The Department of Homeland Security (DHS) and the Department of Labor have jointly announced a new interim final rule governing the certification of the employment of nonimmigrant workers in temporary or seasonal non-agricultural employment under the H-2B visa category. The new rule comes in response to a federal court decision1 that held the Department of Labor lacked authority to implement the 2008 regulations previously used to certify H-2B temporary labor certifications. That court had issued a temporary stay of its order until April 15, 2015 and then extended this stay until May 15, 2015.
The new rule tracks the 2012 final rule, which was never implemented. Key components on the new rule includes: introduction of electronic job registry, longer recruitment periods for U.S. workers, and a longer registration period of three years intended to shorten the employer certification process for future years.
The new rule also seeks to add certain protections for H-2B workers, such as increasing the number of hours per week required for full-time employment, and offers other protections with respects to wages, working conditions, and benefits that must be offered to H-2B workers.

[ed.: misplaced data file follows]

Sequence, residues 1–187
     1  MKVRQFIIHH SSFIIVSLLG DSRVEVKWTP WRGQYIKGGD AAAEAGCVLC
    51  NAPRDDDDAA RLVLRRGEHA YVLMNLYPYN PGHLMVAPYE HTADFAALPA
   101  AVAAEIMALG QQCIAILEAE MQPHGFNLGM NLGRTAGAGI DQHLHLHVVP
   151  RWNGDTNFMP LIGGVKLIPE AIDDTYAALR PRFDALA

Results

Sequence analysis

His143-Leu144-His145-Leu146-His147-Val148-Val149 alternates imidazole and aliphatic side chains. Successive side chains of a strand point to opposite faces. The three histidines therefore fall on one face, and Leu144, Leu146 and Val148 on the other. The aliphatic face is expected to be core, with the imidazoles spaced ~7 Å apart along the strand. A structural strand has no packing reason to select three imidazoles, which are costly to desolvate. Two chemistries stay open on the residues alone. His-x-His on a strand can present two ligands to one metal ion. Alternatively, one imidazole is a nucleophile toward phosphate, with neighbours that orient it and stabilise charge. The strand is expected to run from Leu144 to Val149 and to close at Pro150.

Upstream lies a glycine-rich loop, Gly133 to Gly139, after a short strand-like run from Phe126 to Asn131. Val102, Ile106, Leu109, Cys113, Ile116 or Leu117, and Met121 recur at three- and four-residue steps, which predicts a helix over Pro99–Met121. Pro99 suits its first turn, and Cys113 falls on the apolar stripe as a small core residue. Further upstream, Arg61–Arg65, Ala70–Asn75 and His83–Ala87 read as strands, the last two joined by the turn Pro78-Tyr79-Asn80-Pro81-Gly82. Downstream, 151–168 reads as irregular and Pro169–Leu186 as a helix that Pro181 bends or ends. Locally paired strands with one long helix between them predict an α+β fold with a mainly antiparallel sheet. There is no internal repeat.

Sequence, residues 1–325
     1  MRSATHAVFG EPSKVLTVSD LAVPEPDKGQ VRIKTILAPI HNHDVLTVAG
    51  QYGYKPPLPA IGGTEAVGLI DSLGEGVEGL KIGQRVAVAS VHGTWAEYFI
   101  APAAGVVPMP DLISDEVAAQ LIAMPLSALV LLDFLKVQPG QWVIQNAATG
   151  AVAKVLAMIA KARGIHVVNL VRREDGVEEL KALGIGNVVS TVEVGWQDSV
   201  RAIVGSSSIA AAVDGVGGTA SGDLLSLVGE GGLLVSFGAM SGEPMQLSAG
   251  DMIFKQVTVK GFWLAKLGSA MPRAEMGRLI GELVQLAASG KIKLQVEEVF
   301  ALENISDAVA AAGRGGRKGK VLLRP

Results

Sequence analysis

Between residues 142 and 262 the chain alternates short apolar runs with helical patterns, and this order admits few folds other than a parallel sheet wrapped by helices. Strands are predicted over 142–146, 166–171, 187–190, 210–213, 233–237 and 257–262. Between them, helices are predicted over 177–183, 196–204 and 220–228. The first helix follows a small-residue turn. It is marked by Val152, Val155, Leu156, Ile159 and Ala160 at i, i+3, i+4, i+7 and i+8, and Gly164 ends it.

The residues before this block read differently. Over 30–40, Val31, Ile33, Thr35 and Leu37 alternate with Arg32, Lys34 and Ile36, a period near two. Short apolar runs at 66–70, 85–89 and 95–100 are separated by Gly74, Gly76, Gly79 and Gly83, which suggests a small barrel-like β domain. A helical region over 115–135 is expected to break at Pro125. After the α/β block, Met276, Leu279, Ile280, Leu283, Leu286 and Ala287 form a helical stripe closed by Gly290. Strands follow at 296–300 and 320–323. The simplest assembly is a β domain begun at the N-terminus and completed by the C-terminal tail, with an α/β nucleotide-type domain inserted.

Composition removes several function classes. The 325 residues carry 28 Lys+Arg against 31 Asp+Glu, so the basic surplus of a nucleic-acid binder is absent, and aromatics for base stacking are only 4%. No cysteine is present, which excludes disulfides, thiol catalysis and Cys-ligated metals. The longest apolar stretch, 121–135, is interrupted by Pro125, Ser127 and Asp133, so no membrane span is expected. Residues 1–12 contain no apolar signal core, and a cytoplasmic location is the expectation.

For employers that have filed or are intending to file temporary labor certifications, the following should be noted:
- USCIS and DOL will adjudicate all applications filed on or after April 29, 2015 under the 2008 final rule;
- Emergency procedures have been instituted for applications submitted after April 29, 2015 but have a start date prior to October 1, 2015;
- For applications with start dates after October 1, 2015, the employer must a) register (the Federal Register notice on registration has not yet been released) b) obtain a prevailing wage determination, and c) file a job order and H-2B application.
The Interim Final Rule was published on April 29, 2015 in the Federal Register for public comment. This rule will be open for public comment for 60 days, after which time DHS and DOL may move forward with implementation of the final rule.
1. Perez v. Perez, No 14—cv—682 (N.D. Fla. Mar. 4, 2015).